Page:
Deakin University

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Perspectives of Patients, Nurses, and Nephrologists About Electronic Symptom Monitoring With Feedback in Hemodialysis Care

journal contribution
posted on 2023-02-22, 23:08 authored by A K Viecelli, E Duncanson, Paul Bennett, M D'Antoine, K Dansie, W Handke, A Tong, S Palmer, S Jesudason, S McDonald, R L Morton, M Jose, C Brown, L Laranjo, F Caskey, C Couchoud, D Johnson, D Harris, R Walker, E Coiera, C Hawley, R J Simes
Rationale & Objective: Patients receiving hemodialysis experience high symptom burden and low quality of life (QOL). Electronic patient-reported outcome measures (e-PROMs) monitoring with feedback to clinicians may be an acceptable intervention to improve health-related QOL for patients receiving hemodialysis. This study explored patient and clinician perspectives on e-PROMs monitoring with feedback to clinicians. Study Design: Qualitative study. Setting & Participants: 41 participants (12 patients, 13 nephrologists, 16 dialysis nurses) who participated in a 6-month feasibility pilot study of adults receiving facility-based hemodialysis across 4 Australian units. The intervention consisted of electronic symptom monitoring with feedback to clinicians, who also received evidence-based symptom management recommendations to improve health-related QOL. Analytical Approach: Semistructured interviews and focus group discussions explored the feasibility and acceptability of e-PROMs monitoring with feedback to clinicians. We conducted a thematic analysis of transcripts. Results: We identified 4 themes: enabling efficient, systematic, and multidisciplinary patient-centered care; experiencing limited data and options for symptom management; requiring familiarity with technology and processes; and identifying barriers and competing priorities. While insufficient patient engagement, logistic/technical challenges, and delayed symptom feedback emerged as barriers to implementation, active engagement by nurses in encouraging and supporting patients during survey completion and clinicians’ prompt action after symptom feedback were considered to be facilitators to implementation. Limitations: Limited generalizability due to inclusion of English-speaking participants only. Conclusions: Patients, nurses, and nephrologists considered e-PROMs monitoring with feedback to clinicians feasible for symptom management in hemodialysis. Clinician engagement, patient support, reliable technology, timely symptom feedback, and interventions to address symptom burden are likely to improve its implementation within research and clinical settings.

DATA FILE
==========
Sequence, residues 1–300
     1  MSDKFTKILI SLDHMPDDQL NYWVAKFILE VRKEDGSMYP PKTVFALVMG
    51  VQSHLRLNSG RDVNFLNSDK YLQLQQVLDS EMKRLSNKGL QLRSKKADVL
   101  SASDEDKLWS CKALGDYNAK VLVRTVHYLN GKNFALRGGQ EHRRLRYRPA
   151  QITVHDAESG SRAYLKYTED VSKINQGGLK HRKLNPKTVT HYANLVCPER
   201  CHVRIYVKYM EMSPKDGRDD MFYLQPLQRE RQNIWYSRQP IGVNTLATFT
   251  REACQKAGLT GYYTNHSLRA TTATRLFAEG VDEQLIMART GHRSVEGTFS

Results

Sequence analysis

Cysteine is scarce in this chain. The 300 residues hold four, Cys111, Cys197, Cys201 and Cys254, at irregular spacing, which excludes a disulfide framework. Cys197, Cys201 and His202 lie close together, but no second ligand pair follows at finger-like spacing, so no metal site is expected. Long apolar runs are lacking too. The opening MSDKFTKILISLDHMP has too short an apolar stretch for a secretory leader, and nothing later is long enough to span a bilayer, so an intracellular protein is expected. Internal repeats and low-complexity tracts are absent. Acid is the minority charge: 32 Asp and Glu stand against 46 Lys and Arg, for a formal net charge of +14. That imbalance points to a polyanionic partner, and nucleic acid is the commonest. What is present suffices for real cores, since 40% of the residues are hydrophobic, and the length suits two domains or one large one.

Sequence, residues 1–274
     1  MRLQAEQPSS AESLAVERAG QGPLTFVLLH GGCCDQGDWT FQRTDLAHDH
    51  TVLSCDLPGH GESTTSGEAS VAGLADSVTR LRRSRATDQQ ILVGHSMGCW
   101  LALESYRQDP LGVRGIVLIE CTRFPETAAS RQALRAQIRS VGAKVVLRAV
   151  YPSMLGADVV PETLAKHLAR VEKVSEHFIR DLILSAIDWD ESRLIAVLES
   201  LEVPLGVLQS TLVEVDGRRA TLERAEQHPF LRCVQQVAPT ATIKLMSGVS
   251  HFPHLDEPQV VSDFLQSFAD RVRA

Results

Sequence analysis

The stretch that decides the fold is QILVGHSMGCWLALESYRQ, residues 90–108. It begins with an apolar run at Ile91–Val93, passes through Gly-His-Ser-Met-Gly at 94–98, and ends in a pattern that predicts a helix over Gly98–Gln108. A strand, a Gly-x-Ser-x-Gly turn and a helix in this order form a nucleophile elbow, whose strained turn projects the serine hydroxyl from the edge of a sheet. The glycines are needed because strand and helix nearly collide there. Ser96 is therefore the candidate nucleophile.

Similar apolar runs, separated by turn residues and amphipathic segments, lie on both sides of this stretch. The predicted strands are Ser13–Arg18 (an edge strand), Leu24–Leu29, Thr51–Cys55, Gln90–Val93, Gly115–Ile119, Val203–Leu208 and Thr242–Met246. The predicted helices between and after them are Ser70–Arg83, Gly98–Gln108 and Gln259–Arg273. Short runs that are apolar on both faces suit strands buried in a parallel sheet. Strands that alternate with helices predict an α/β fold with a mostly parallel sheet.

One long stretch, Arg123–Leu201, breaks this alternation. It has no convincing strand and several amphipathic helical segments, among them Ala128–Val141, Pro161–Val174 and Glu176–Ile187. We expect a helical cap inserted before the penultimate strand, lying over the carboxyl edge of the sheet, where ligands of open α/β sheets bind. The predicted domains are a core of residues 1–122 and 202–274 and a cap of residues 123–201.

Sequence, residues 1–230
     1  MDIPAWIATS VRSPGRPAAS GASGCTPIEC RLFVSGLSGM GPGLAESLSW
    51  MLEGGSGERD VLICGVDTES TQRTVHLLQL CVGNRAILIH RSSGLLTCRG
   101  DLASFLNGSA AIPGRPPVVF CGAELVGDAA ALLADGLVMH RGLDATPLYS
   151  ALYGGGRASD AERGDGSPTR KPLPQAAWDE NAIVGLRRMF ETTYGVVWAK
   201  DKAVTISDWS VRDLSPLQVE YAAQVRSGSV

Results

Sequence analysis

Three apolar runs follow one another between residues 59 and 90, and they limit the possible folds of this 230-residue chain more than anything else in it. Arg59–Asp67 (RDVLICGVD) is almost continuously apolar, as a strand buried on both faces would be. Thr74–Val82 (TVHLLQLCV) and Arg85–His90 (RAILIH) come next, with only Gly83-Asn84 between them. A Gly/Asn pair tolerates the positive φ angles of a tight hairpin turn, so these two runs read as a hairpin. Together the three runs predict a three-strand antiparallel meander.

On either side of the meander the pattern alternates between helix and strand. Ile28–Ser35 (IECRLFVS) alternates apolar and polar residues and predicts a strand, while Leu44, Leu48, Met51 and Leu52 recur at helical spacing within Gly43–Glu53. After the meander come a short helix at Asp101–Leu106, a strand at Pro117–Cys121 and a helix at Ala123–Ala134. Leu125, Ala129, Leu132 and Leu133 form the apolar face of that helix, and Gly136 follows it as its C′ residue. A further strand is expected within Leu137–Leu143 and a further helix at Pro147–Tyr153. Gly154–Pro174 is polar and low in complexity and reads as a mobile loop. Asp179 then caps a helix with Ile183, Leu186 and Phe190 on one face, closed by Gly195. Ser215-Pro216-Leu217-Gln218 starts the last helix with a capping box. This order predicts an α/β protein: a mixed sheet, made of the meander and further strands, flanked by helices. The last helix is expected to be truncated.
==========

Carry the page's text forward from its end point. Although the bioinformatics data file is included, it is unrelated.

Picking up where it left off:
American Journal of Kidney Diseases




215 - 226.e1